Monday, September 08, 2014

Lectionary Notes for Fourteenth Sunday after Pentecost, Year A (Proper 19, Ordinary 24)

Readings for 14th Sunday after Pentecost, 9/14/14:
Exodus 14:19-31, Exodus 15:1b-11, 20-21, Romans 14:1-12, Matthew 18:21-35

Exodus 14:19-31:
  • OK, I'll admit, I feel for all the Egyptians here who were just doing there job. At the camp I've attended growing up and as an adult, one of the favorite songs is "Pharaoh, Pharaoh," which includes the line "and all of Pharaoh's army did the dead-man float."  I just can't get into the spirit of it...
  • Also, I'm afraid this passage also now brings to mind images of Jim Carrey in Bruce Almighty, parting his bowl of tomato soup.
  • Well, I guess what that says is that this "parting of the Red Sea" is perhaps the 'classic' example we think of when we're talking about God's power. God's ability to protect God's people in God's plan at all costs? Hm. Still can't warm up to it!
Exodus 15:1b-11, 20-21:
  • This passage takes the typical place of the Psalm in the lectionary, as here we get the brother-sister act of Moses and Miriam giving thanks for successfully escaping the Egyptians.
  • "at the blast of your nostrils" - ew. I don't mind some anthropomorphic descriptions of God, but God's nostril blast?
  • I understand Moses' and Miriam's relief at their safety. But I can't cheer with them at these delighted images of God killing their enemies.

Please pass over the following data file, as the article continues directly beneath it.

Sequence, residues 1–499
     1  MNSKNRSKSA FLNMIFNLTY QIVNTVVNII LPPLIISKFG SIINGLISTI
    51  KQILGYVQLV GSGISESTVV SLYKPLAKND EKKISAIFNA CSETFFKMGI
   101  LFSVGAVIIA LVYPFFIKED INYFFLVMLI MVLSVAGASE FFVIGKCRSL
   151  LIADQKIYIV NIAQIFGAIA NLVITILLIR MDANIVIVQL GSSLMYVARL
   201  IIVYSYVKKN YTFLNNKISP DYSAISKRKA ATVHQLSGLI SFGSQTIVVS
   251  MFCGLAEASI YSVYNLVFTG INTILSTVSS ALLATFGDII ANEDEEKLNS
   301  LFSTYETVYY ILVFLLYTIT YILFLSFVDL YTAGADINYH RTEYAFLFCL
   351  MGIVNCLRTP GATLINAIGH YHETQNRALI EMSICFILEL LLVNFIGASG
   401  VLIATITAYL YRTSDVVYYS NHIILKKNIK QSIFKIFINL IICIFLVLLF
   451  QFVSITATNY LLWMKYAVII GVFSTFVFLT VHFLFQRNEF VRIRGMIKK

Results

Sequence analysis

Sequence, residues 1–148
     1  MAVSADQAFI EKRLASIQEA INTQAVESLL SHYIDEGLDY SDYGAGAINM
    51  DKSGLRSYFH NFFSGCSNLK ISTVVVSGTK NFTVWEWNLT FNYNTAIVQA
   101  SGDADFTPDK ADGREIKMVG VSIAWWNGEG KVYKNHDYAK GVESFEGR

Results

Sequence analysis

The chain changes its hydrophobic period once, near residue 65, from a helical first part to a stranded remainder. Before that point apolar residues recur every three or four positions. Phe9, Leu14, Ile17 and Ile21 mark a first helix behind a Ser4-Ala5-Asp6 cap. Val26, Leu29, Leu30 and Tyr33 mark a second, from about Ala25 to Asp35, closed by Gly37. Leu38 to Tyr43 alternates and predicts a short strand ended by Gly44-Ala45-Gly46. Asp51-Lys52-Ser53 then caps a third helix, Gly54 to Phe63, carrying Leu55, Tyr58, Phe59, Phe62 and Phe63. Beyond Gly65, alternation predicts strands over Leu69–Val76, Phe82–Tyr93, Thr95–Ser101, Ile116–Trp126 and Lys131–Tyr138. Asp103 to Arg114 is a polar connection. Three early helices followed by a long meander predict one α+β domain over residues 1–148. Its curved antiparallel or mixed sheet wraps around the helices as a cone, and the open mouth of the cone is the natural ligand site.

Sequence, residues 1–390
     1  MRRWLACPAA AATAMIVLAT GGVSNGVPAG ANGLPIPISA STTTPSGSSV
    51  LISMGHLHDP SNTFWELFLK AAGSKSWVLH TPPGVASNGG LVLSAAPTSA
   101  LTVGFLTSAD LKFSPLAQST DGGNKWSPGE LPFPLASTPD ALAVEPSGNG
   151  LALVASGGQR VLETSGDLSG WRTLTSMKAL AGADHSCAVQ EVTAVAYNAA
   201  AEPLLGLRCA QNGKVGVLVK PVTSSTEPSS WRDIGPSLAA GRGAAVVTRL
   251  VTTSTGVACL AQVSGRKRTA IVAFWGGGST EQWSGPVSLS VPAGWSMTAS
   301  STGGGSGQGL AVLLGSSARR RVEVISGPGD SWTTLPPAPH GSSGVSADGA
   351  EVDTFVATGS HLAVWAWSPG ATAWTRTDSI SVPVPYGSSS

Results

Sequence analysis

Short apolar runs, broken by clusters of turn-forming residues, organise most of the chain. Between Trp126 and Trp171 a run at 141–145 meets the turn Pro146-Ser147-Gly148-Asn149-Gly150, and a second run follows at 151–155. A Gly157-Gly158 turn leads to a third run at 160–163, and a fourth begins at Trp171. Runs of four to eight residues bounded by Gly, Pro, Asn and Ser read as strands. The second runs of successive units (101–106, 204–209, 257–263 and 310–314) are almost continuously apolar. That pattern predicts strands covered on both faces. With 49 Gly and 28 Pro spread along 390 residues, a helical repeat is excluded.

• "the prophet Miriam" - take note of strong if under-written women in the Bible. A woman. A prophet.
     
Romans 14:1-12:
  • "Welcome those who are weak in faith, but not for the purpose of quarreling over opinions." Great advice for churchy types, no? Sometimes I think we like arguing with each other in the church and in politics more than we care about what we are arguing about.
  • Before you get excited and think this is a passage about vegetarianism being for the weak (vegetarians rock), put it in context. Paul is talking about the then-current practice of Romans who would eat meat that had been sacrificed in worship of the gods. Some Christians took part in eating the meat afterwards, but others thought it was wrong to eat meat used in other religious rites.
  • Paul says somewhat "to each their own" but that whatever our own way is, our purpose, and our reasoning, ought still to be in giving praise to God. And Paul reminds us that we've got enough to worry about thinking about our own decisions without worrying about our neighbors' choices.
  • "Whether we live or whether we die, we are the Lord's." Comforting words - no matter what happens, we belong to God. Check out hymn 356 in The United Methodist Hymnal to match this text.
Matthew 18:21-35:
  • This text is so important on the 10th anniversary of 9/11. 
  • How often must we forgive? How much do we hope God forgives us? Jesus urges us to see the questions in similar ways. Forgiveness is a great gift, and those who receive it hopefully show more gratitude than the slave in Jesus' parable.
  • Forgiveness is personal. When have you been forgiven? Have you received forgiveness without asking for it? When have you forgiven? When have you given it without being asked? When have you withheld forgiveness and why? How does it feel to give forgiveness? Receive it? Withhold it?
  • Do you think, as Jesus suggests, that God will not forgive us if we do not forgive others?
  • Like Peter, do you ever wonder "what's the least I can get away with doing?" He seems to want to know - how much do I have to love? Is this enough? Jesus' answer is predictable and always the same: "More." 
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